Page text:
Well it should be flaming as in hot, but these days the Aussie use of the word seems more appropriate, with all the rain and wind. Still, at least we have long hours of daylight for all that extra gardening.
It’s been a couple of weeks since I was last on the allotment, and in my head, all sorts of chaos has broken out in that short time, a plant anarchy, but in reality I find it’s all pretty much fine. In fact, turning a blind eye to the weeds, it’s quite exciting to see what has developed.
The calendulas (pot marigolds) have started to flower, and are surrounded by a hazy buzz of bees.
Similarly so the poppies, which have been a bit battered by the elements, but are still pushing out the flowers.
The garlic has unfortunately succumbed to rust, which seems worse than ever this year. But I had a little dig around one of the bulbs, and it seemed a decent enough size to me, so I think it’s time for them to come out. If the weather stays dry at the weekend, I’ll pull the lot out and let them dry. I need garlic recipes!
The remaining few leeks from last year have now developed fat flower bulbs that will hopefully burst open soon. We didn’t get around to using up these leeks quick enough, and the last few we pulled up in the spring were inedible due to the thick flower stems within. So I decided to leave the last 5 in the ground, in order to save the seed for next year. They’re not in a space that’s needed (next to the courgettes which are still very small) and the flowers can be quite beautiful if nothing else, so better here than on the compost heap. A single flowering head would provide me with more than enough seed, but you can’t just have one flower can you! Aesthetics, it’s always about the aesthetics! Groups of 3 and 5 always look better, don’t ask me why.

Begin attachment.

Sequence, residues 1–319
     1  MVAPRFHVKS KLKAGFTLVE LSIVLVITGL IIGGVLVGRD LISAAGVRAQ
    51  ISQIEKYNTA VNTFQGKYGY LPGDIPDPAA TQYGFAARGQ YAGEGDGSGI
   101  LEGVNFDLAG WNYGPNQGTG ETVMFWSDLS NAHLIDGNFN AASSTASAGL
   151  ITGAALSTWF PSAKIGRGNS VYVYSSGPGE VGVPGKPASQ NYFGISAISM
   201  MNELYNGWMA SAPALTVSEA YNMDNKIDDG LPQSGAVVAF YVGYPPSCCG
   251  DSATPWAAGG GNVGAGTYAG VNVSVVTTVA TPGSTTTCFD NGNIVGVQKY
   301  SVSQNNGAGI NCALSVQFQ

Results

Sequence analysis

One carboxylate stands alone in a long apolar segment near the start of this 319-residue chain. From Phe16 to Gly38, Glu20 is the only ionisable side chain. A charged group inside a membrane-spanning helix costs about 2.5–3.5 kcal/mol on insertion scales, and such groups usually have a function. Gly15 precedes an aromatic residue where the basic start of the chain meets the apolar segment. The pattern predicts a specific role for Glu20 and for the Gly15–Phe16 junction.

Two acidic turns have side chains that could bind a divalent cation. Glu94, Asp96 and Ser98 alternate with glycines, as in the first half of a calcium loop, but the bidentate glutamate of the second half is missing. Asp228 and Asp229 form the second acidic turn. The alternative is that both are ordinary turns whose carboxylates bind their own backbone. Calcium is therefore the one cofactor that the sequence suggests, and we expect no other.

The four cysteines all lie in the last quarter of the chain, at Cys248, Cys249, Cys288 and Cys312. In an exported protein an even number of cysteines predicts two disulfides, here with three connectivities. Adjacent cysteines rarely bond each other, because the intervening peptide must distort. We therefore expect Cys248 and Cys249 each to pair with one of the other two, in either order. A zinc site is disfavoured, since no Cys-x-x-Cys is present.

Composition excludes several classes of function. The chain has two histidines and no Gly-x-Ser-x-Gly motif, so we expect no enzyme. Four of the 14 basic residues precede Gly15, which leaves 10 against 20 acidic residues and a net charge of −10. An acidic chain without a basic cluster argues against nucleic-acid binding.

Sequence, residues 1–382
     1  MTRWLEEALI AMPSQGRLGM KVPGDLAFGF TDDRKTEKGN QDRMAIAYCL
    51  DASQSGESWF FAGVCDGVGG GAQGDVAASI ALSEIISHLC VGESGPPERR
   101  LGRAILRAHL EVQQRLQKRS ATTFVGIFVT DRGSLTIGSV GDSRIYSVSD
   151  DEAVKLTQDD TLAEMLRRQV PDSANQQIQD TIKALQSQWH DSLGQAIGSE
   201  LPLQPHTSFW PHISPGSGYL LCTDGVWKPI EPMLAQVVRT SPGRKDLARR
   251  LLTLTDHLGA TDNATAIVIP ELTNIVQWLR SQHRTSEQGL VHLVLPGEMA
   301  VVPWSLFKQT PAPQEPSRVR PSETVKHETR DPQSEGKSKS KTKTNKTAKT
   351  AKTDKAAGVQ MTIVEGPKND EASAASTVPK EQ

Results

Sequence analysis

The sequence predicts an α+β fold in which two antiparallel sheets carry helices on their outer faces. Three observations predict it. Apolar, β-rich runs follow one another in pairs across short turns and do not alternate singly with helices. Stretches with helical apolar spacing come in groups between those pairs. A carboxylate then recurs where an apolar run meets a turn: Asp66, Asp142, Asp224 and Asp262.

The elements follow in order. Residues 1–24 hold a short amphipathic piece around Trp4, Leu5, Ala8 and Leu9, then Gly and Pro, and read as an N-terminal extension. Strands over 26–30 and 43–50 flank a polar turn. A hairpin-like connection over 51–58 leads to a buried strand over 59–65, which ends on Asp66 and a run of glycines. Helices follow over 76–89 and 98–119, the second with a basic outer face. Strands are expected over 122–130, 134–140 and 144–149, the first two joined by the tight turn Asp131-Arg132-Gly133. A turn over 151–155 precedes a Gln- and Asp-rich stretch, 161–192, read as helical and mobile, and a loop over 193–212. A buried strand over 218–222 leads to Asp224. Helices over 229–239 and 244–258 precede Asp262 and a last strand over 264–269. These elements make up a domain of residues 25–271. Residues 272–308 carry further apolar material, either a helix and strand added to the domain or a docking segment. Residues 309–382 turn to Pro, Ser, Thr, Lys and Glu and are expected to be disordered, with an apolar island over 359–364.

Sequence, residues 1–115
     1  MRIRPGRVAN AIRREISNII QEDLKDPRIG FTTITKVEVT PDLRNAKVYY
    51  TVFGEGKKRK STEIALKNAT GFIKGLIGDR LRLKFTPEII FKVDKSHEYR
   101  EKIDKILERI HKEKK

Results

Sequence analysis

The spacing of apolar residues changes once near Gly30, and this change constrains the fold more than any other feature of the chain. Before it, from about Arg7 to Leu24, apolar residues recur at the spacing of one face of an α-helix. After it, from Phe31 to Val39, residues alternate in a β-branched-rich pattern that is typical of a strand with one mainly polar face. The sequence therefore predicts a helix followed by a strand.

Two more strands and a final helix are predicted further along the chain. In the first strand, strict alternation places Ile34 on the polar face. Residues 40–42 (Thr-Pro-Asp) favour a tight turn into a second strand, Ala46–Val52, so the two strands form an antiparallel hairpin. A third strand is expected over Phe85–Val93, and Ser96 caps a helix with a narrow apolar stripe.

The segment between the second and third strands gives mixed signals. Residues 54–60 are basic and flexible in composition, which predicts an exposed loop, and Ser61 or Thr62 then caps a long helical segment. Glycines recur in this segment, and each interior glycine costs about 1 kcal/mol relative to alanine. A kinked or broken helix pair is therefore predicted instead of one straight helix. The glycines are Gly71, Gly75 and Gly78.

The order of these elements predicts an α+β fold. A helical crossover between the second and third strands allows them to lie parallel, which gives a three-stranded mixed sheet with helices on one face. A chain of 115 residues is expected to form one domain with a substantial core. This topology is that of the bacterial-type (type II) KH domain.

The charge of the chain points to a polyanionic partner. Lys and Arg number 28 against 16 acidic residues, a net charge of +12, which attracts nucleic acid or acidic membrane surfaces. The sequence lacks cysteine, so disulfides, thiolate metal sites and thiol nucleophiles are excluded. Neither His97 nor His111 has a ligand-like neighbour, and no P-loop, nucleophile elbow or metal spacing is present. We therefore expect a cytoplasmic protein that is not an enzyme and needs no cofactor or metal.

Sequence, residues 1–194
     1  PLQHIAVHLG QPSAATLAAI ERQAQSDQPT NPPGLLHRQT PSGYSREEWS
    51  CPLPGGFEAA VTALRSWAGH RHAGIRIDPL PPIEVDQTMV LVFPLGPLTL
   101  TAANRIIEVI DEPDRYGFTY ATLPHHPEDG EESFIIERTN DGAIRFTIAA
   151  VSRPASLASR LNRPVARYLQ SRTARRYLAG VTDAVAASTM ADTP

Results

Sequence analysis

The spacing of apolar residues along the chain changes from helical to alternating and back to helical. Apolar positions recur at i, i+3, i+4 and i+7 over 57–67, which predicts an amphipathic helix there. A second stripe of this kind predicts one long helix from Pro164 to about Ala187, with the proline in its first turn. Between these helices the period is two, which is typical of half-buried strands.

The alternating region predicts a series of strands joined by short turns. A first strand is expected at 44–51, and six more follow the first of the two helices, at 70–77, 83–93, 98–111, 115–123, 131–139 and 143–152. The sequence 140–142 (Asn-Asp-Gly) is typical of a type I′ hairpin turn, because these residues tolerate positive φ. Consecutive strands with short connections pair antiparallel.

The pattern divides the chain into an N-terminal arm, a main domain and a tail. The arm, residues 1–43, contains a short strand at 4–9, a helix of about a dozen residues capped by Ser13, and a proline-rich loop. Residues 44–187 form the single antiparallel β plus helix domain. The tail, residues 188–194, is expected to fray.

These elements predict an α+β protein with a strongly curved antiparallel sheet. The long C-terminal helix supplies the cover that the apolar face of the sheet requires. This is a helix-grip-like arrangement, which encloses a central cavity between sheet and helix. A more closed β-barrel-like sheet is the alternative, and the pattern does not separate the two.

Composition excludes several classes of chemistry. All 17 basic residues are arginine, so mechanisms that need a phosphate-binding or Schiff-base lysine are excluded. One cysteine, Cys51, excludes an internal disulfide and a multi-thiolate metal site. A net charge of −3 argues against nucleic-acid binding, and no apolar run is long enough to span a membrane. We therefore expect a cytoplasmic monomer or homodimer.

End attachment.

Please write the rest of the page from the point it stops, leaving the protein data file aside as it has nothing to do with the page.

Finally, (after much weeding and tying in the winding bean stems that were lying on the ground trying to wrap themselves around blades of grass) it’s harvest time. June is all about broad beans and strawberries. Up until this point in the year there isn’t a huge amount to harvest except the last of the winter crops, rhubarb, purple sprouting (if you were wise enough to plant it) ditto asparagus, and maybe some early lettuce if you’re lucky, but then June comes along and suddenly there’s fruit and broad beans and salad crops and if you’re really lucky the first early potatoes. Everything is a bit later than normal this year due to the cold spring, but we’re getting there.
The broad beans are not huge yet, but they’re actually more tasty when they’re young and you don’t have to double pod them. These were delicious briefly blanched and then dressed with a drizzle of olive oil and lemon juice and some fresh garden mint. Mmm taste of summer (that’s yet to come).